Can I use xSemaphoreGiveFromISR for two different semaphores in the same IR routine


I have two threads:
Thread 1 gets data from an I2C device and takes about 512 us per acquisition
Thread 2 calculates values from the data and activates a processor output this takes about 180 us.
Thread 2 has a higher priority than thread 1.

The timing of the processes must be accurate to 2 ms i.e. two RTC Ticks.

I run a timer and which interrupts every ms with a high priority.

The ISR of the timer gives to two separate semaphores one for thread 1 and one for thread 2.


__attribute__((section(".Tim2itcm"))) void TIM2_IRQHandler(void)
//void TIM2_IRQHandler(void)
//  __HAL_TIM_CLEAR_IT(&htim2, TIM_IT_UPDATE); /* rjg */


You can see I'm using the CMSIS OS wrapper but this just calls the FreeRTOS functions anyway.

When I run the system from debug the sytem works fine and I get  a jitter on the data of about +/- 1ms.  However when I boot the system using by power cycling I end up with a hard fault which occurs during the second semaphore call.  I thought I might have a stack problem so I increased the FreeRTOS minimum to 2048 with no fix.

The question I have is: 

"Is it OK to have two calls to xSemaphoreGiveFromISR for the two seperate sem's or is this a no-no?"

Best regards

Yes it is fine but you are better off calling the native api otherwise you are missing the “HigherPriorityTaskWoken” parameter which could mean a context switch doesn’t happen immediately - see the docs for xSemaphoreGiveFromISR().

Hi Barry

Thanks for that!

I will take your advice and use the native FreeRTOS Calls. I used the CMSIS thing because STM32CubeMx creates those, but I think it’s just layer of code that adds no value and obscures the underlying good stuff.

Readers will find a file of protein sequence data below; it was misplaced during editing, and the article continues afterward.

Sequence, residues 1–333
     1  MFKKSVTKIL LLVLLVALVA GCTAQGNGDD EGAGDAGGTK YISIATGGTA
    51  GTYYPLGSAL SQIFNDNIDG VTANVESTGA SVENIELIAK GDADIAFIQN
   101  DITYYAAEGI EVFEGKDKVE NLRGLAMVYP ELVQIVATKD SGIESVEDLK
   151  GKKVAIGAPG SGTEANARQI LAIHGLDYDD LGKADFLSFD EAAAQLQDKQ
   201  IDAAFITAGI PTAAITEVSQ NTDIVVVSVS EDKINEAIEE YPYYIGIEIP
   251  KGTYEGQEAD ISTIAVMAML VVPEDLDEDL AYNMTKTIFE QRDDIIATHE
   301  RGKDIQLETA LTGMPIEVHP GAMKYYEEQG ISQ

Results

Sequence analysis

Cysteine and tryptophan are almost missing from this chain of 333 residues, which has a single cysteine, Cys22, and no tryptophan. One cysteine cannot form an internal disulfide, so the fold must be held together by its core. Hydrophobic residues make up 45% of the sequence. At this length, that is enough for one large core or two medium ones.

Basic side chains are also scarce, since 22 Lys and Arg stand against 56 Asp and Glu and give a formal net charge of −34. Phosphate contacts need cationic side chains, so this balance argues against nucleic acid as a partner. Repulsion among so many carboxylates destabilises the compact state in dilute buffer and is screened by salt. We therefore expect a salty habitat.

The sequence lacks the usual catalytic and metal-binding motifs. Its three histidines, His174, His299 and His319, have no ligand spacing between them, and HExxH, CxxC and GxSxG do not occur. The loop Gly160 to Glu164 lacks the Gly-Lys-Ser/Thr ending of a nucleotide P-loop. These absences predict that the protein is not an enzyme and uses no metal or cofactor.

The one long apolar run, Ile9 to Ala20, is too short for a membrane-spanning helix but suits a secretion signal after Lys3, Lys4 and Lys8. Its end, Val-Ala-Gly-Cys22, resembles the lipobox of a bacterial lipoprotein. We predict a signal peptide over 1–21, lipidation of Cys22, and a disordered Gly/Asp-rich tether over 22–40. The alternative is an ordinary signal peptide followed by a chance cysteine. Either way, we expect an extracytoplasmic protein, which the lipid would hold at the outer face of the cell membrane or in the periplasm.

The funny thing is the code works fine if I start it using the debugger, but as soon as I power cycle it all turns to you-know-what.

I use FreeRTOS for all my STM32 apps as it is simple to use and it just works.

Best regards


Toongabbie Light & Power

What line causes the fault? You can follow the instructions here to find the faulting instruction - Debugging and diagnosing hard faults on ARM Cortex-M CPUs


Hi Richard

Sorry I got your name the wrong way around.


I replaced the tasks and semaphores with static versions. The hard fault then occurred whilst debugging so it took me five minutes to realise I hadn’t allocated sufficient stack for the second task. The semaphore buffer was getting overwritten by stack transaction so the app was passing a bad semaphore handle to the xSemaphoreTake giving a memory alignment hard fault.

I don’t know why it worked under debug, but not under power reset when I was using the dynamic tasks and sem’s.

I am using STLink V3.0 debugger with the CubeMX Eclipse IDE.

Has anyone got any theories/ideas on this?

Another question:

Why don’t CPU manufacturers provide a stack limit register in addition to the stack pointer such that if the stack hits the limit register a dedicated hard fault - stack error is generated. I know this question is beyond the scope of FreeRTOS, but such a device would save a lot of embarrassment.

Different code can cause different error/stack overflow symptoms.
You’re better off defining configASSERT, enable FreeRTOS stack checking etc. for development.
Regarding the latter question e.g. ARM Cortex-M33 and later have stack pointer limit registers supported and used by FreeRTOS.

I think one of the microchip parts FreeRTOS supports also has a stack limit register, maybe the daPIC (?). Separately, FreeRTOS ports that support memory protection bound the stack with a memory protection region that generates a memfault if you overflow (or under flow!) the stack.

This has been discussed before, for example here:

Using the ARM MPU to detect stack overflow - Kernel - FreeRTOS Community Forums